OUR various accounts of the Portsmouth Conference, and the official record of it which is now in the hands of readers shows that it may be regarded as a successful one. It was specially notable for the absence of those bickerings and differences which must inevitably come to the surface at times. There may be something in the suggestion of one of our writers that the weather was a main factor. However that may be, there was uniform good temper, and we came away with the belief that a good week's work for librarianship had been done.

Details

New Library World, vol. 41 no. 1
Type: Research Article
ISSN: 0307-4803

Article
Publication date: 1 January 1937

IN our last number we published contributions on this subject by Miss R. E. Baker, Miss A. S. Cooke, Mr. E. J. Coombe, Mr. G. W. Ellison, and Captain Richard Wright, from…

Abstract

IN our last number we published contributions on this subject by Miss R. E. Baker, Miss A. S. Cooke, Mr. E. J. Coombe, Mr. G. W. Ellison, and Captain Richard Wright, from which it emerged that, in the case of county libraries, printed aids of various kinds are necessary in the interest of library service. This new series, from the town side, completes an interesting symposium.

Details

Library Review, vol. 6 no. 1
Type: Research Article
ISSN: 0024-2535

Content available

Abstract

Details

The Electronic Library, vol. 20 no. 4
Type: Research Article
ISSN: 0264-0473

Keywords

Article
Publication date: 12 December 2019

Francesca Sobande

This paper aims to explore how and why ideas regarding “intersectional” approaches to feminism and Black activism are drawn on in marketing content related to the concept…

12364

Abstract

Purpose

This paper aims to explore how and why ideas regarding “intersectional” approaches to feminism and Black activism are drawn on in marketing content related to the concept of being “woke” (invested in addressing social injustices). It considers which subject positions are represented as part of this and what they reveal about contemporary issues concerning advertising, gender, race and activism.

Design/methodology/approach

This study involves an interpretive and critical discursive analysis of so-called feminist advertising (“femvertising”) and marketing examples that make use of Black social justice activist ideas.

Findings

Findings illuminate how marketing simultaneously enables the visibility and erasure of “intersectional”, feminist and Black social justice activist issues, with the use of key racialised and gendered subject positions: White Saviour, Black Excellence, Strong Black Woman (and Mother) and “Woke” Change Agent.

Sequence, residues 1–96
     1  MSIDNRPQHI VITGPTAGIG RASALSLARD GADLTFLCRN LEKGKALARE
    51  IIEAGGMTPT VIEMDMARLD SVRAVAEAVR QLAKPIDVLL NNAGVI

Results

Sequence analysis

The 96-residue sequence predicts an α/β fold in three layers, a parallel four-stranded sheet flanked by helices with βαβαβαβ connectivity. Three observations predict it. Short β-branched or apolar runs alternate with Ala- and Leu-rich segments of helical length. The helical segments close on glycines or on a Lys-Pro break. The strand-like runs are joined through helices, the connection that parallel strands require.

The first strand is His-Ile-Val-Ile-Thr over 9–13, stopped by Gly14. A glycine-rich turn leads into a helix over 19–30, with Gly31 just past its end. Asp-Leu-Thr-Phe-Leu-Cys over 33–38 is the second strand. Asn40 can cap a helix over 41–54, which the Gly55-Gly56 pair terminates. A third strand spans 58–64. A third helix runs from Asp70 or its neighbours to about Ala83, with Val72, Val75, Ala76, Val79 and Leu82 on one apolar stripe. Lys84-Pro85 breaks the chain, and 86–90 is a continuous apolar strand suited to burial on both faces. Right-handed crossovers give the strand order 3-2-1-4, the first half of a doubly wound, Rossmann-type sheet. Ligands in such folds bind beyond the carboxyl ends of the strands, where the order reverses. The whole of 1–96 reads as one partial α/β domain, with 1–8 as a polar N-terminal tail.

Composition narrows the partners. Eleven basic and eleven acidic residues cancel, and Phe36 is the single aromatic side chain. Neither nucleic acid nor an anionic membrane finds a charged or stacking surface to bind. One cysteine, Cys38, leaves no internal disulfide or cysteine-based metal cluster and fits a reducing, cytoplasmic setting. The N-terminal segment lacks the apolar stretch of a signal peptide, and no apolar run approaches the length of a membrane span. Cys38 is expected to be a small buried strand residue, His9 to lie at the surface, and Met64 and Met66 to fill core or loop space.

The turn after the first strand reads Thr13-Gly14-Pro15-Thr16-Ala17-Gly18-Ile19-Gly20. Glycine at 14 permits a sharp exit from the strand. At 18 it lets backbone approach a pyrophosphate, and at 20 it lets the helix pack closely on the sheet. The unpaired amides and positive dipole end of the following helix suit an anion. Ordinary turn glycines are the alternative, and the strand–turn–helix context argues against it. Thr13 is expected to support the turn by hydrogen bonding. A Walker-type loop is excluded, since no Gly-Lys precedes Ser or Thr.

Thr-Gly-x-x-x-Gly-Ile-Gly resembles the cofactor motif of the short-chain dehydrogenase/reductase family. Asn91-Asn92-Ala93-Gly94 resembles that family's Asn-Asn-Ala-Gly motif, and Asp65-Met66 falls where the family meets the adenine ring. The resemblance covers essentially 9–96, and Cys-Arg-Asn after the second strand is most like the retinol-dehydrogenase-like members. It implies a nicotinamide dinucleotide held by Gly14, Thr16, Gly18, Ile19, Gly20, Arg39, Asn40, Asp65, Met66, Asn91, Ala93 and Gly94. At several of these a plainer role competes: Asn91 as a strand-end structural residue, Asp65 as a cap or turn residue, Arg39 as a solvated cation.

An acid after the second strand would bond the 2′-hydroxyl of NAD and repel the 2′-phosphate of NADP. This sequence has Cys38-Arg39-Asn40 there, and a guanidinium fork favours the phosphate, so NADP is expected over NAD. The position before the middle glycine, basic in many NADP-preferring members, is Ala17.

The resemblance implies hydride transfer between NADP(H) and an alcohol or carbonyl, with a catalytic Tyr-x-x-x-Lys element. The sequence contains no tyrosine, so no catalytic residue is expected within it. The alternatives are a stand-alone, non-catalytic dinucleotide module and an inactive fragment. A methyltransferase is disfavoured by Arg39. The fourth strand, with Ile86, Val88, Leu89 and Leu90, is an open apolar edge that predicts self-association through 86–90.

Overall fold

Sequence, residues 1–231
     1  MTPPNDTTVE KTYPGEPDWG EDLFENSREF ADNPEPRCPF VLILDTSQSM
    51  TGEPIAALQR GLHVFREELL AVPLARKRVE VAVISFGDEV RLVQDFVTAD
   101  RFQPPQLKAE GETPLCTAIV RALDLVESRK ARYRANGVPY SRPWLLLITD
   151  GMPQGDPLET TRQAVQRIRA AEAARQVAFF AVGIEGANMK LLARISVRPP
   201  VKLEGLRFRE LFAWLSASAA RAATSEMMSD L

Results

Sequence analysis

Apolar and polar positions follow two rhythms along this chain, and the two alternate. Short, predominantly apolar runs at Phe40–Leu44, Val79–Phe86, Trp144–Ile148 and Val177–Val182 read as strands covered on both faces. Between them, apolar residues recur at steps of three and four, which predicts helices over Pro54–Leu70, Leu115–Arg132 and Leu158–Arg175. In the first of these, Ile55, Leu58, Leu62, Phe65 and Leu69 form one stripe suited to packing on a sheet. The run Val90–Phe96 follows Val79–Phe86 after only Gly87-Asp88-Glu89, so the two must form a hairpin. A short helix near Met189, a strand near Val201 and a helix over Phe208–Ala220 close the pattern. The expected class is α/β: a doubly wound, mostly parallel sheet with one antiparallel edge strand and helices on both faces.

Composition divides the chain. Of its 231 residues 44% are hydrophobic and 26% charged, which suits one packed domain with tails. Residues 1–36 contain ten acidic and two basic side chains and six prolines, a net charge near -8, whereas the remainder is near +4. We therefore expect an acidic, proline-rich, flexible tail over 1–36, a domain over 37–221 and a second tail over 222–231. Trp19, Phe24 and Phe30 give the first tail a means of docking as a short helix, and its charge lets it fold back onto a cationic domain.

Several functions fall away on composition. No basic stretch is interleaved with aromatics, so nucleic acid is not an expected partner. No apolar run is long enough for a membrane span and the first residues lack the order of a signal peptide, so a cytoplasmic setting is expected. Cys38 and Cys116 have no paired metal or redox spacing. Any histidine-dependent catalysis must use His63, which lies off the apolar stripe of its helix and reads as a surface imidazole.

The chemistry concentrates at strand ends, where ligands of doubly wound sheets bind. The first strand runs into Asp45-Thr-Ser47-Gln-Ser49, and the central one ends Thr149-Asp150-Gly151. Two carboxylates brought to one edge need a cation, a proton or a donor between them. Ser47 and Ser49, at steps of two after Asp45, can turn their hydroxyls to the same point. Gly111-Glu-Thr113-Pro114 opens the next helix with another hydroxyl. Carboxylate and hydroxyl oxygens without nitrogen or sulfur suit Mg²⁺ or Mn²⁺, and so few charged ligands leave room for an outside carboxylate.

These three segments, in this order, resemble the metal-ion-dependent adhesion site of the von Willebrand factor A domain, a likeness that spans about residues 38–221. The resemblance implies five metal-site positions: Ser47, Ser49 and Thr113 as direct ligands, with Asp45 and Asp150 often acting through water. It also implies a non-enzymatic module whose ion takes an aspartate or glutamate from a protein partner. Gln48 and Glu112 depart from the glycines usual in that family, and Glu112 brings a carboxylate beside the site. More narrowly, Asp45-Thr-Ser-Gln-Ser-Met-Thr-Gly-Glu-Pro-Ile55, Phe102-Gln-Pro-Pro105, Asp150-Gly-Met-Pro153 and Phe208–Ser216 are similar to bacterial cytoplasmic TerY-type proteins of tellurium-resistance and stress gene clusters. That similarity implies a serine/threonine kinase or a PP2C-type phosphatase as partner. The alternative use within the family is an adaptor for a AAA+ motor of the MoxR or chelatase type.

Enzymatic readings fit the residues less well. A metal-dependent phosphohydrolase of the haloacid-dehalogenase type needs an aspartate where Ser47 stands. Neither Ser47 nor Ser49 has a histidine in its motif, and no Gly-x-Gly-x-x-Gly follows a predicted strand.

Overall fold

Research limitations/implications

This research signals how brands (mis)use issues concerning commercialised notions of feminism, equality and Black social justice activism as part of marketing that flattens and reframes liberationist politics while upholding the neoliberal idea that achievement and social change requires individual ambition and consumption rather than structural shifts and resistance.

Practical implications

This work can aid the development of advertising standards regulatory approaches which account for nuances of stereotypical representations and marketing’s connection to intersecting issues regarding racism and sexism.

Originality/value

This research outlines a conceptualisation of the branding of “woke” bravery, which expands our understanding of the interdependency of issues related to race, gender, feminism, activism and marketing. It highlights marketing responses to recent socio-political times, which are influenced by public discourse concerning movements, including Black Lives Matter and Me Too.

Details

European Journal of Marketing, vol. 54 no. 11
Type: Research Article
ISSN: 0309-0566

Keywords

Article
Publication date: 1 May 1969

THERE has recently sprung up a great interest in antiques, probably due to Arthur Negus and his TV and broadcast programmes, and perhaps it is this which has made county…

Abstract

THERE has recently sprung up a great interest in antiques, probably due to Arthur Negus and his TV and broadcast programmes, and perhaps it is this which has made county librarians also, think about their past and their beginnings. Gloucestershire was the first to become aware of the fact that its library was fifty years old, and that a genuine antique, in the shape of its first librarian, still existed and could be questioned about the early days. So in December, 1967, the Gloucestershire Library Committee staged a most successful 50th birthday party, and invited me to cut the birthday cake, on which were 50 candles! And a very great occasion it was.

Details

New Library World, vol. 70 no. 11
Type: Research Article
ISSN: 0307-4803